[Editor's Note: This article was originally published in October 2017.]
Certain animals evoke revulsion and fear in billions of people, from Sakhalin Island to Timbuktu, Sydney to Sarasota. What fierce creatures would you least like to encounter up close and personal? Our timid but cantankerous correspondent weighs in!
What are the scariest animals in the world? A few years ago, the New York Post asked this question and came up with a list of seven creatures that would creep out just about anyone. The Post’s list included, among others, such nightmare-inducers as
Now, I’ll grant you that if I were to happen upon any of these terrifyingly exotic members of the animal kingdom, I’d probably feel a chill go down my spine. Happily, I’m not going to encounter any of them on my next stroll through the woods or when I visit the public beach near my home. Truth be told, if they were there, I wouldn’t want to go there. (And, what could I possibly say to the 911 operator when an atretochoana eiselti slithered up my jeans?)
But, there are more common animals that provoke fear, revulsion, or abject terror in lots of people (very much including me). Even if you haven’t seen them up close and personal, as they say, you’ve come to know (and fear) them through countless magazine articles, websites, documentaries, TV series, and feature films. And if they gain access to your imagination, they can emerge, without warning, into your dreams. Once they are ensconced there, you’re in trouble – and you’ll probably want make an appointment with a top-flight psychotherapist to help cast them out.
Without trying to be encyclopedic (or to compete with the Post, New York’s paragon of tabloid journalism), I’ve come up with a short list of fierce creatures that could seriously disturb my sleep.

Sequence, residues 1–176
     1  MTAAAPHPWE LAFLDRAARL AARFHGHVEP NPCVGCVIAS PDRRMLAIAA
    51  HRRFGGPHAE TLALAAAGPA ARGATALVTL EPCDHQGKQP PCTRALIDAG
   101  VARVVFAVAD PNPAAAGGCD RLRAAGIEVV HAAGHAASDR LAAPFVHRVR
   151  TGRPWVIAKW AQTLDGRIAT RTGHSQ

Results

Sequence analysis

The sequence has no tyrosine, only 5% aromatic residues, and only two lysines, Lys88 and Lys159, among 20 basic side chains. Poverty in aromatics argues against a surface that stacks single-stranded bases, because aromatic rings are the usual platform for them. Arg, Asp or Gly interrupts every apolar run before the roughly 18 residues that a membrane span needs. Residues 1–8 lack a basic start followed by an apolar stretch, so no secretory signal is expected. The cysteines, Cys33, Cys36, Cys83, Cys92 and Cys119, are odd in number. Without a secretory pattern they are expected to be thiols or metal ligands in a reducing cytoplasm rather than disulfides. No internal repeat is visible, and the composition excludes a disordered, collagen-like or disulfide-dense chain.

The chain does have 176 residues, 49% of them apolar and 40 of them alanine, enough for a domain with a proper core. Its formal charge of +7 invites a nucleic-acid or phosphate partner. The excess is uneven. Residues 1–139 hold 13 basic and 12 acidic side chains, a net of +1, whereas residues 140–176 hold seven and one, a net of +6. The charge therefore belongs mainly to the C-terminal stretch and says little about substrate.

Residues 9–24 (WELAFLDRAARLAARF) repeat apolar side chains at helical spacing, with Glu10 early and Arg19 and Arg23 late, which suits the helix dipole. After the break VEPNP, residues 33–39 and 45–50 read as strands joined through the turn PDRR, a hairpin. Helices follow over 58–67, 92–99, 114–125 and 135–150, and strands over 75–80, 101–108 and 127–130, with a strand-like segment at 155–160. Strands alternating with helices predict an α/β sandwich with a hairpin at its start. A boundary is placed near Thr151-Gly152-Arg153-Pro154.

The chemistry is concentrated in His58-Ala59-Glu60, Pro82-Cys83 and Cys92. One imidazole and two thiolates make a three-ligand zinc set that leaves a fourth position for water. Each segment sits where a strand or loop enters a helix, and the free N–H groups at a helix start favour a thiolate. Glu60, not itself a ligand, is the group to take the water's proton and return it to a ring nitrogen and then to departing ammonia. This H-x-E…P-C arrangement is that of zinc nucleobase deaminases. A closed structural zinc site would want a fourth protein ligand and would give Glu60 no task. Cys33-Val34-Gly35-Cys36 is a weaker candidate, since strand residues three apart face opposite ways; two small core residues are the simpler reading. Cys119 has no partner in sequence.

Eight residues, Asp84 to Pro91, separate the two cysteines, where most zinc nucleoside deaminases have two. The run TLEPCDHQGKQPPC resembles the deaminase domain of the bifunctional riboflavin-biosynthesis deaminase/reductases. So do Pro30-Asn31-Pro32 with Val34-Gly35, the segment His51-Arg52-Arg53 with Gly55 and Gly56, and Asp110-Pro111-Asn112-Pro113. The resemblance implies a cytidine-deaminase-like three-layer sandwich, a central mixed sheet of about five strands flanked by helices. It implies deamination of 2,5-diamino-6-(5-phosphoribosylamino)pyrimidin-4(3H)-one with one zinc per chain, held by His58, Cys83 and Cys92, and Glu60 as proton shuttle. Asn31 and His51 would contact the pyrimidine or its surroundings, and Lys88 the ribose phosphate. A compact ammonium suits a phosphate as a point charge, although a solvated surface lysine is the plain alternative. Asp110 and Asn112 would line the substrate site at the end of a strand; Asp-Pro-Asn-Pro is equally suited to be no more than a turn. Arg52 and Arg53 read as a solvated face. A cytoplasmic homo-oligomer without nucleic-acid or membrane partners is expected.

For 30 years, the Discovery Channel has been celebrating (and exploiting) Selachimorpha with its annual Shark Week. Estimates of the total audience for this eight-day festival of cartilage and carnage range to more than 50 million, which could mean I’m missing out when I fast-forward through promotional ads designed to hook even more sharkficianados. But, ever since seeing Jaws back in 1975, I’ve had a strong feeling that sharks and I really don’t belong within, say, 20 miles of each other – no, make that 25 miles, just to be safe.
NBC News identifies New Smyrna Beach in Volusia County, Florida, as “the shark attack capital of the world.” In the report, George Burgess, a University of Florida ichthyologist, says, “Most people who have swum in and around New Smyrna have been within 10 feet of a shark in their lifetime.”
You can say that it’s silly to be worried about a magnificent and ancient creature that is known not to find human flesh particularly appetizing and that only killed four people worldwide last year. With my luck, though, a hammerhead would have made me number five, if I’d have given it half a chance.
I think I’ll spend Shark Week watching dolphins instead from the deck of my favorite waterfront bar-&-grill.
When it comes to animals that freak a lot of people out, snakes must rank right up there. Ever since the Garden of Eden, snake and sneak have formed a near-synonymous half-rhyme, and for good reason. What slithers maketh little sound, and what maketh little sound will sink its fangs into thy thigh with no warning. Thus sayeth the Lord. Amen!
When I was a kid, there were four snakes that struck terror into our little beating hearts: cottonmouths, rattlers, corals, and copperheads. One summer, my parents (who claimed to love me) sent me to camp in Florida. It was a beautiful location, set on a lake. One afternoon, a water moccasin decided to make an appearance in the swimming area, and the courageous lifeguards slowly, carefully pulled all of us petrified swimmers up out of the water to safety. Needless to say, the experience made quite an impression.